Many projects which have been mandated for health care have been sidelined due to the war on "terror". Personally my "terror" is the aspects of accessing health care and maintaining health insurance.

I wish you all a happy and healthy 2007.

Gary Levin MD

Wednesday, December 20, 2006

Fantasy Reimbursements

There are now many proposals by CMS regarding health information and their ability to gather data from EMRs, claims information and other sources from both hospitals and medical practices.

Not many of these have been worked out financially for the providers or the hospitals. Most of the proposals require software changes or running a parallel system to track the information they are requesting. For physicians this will cost far greater than the 1.5% proposed increase CMS is proposing as an "incentive". Most practices don't even have EMRs at all. Those without the digital EMR will be forced to workout a paper trail that again increases the paperwork burden to providers.

Here are some of the particulars. (from Health IT News, via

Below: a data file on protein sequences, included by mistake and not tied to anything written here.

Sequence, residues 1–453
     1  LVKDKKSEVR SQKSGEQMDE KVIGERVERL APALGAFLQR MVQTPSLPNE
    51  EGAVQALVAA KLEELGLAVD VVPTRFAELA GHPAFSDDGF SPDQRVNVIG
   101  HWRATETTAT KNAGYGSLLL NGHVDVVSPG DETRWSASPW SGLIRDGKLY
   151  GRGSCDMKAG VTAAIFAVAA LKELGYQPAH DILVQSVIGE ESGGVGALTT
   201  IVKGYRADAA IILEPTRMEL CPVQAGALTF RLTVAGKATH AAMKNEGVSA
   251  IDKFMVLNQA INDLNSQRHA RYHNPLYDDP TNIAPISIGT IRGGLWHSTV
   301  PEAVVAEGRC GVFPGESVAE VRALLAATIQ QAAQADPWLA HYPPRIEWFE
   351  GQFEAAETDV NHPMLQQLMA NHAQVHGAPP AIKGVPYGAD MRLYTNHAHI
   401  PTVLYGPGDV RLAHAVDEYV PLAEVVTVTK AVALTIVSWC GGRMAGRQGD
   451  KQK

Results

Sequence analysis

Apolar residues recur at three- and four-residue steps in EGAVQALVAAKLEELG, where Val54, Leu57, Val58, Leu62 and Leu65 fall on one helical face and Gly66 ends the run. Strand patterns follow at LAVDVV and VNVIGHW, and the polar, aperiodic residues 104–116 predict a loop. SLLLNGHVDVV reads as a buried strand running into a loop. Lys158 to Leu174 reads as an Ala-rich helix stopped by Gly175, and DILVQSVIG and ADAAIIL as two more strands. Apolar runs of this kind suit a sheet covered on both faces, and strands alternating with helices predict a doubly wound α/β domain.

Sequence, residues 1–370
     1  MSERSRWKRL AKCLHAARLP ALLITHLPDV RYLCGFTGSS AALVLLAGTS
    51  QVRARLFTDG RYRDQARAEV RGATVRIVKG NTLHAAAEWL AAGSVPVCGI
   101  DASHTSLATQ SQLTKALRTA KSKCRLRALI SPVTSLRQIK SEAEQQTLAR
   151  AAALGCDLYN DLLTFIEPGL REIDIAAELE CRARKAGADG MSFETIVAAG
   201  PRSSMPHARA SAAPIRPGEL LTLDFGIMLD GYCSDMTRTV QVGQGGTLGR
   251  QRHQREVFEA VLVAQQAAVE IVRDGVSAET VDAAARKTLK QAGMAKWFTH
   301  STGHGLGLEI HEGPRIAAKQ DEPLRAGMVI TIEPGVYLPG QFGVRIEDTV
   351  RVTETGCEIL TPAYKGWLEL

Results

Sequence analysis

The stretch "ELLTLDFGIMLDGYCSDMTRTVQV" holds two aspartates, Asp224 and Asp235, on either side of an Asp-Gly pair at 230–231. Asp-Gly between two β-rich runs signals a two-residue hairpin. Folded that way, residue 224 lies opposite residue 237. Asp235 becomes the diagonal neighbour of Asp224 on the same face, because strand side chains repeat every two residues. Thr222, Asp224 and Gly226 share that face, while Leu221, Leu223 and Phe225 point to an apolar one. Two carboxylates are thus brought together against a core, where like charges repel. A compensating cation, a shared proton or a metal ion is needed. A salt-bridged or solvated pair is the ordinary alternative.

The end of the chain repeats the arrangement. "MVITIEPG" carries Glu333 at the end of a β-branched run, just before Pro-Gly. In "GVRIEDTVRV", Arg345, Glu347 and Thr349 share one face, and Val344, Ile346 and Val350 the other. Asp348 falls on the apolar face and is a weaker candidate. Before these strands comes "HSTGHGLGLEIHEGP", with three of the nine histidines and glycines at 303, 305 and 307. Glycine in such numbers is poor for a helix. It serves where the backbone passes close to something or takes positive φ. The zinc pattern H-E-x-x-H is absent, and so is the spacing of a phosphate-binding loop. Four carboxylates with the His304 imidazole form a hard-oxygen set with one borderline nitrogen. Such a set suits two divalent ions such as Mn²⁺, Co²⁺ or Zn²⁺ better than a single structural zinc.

According to Thomas B. Valuck, MD, medical officer and senior advisor for the Centers for Medicare & Medicaid Services, CMS will administer the recent legislation providing a 1.5 percent incentive to physicians who participate in a new pay-for-performance plan, patterned after the one already in place for hospitals.

Valuck said it is going to be difficult to estimate the impact the incentive will have on physicians given the number of variables in the revenue picture: “The problem with the 1.5 percent incentive is that doctors will raise the question, ‘does $1.50 on $100 of billing cover the costs of reporting? ’”

Congress on Dec. 9 passed legislation that would increase physicians' pay -- beginning in the second half of 2007 -- if they voluntarily submit quality data measures to CMS using IT.

Sunday, December 17, 2006


I made it, in case you have not already and I as bloggers and web communicator beat out Cheney, Rumsfield, and Amadinajab (if that is how you spell it) for this annual award!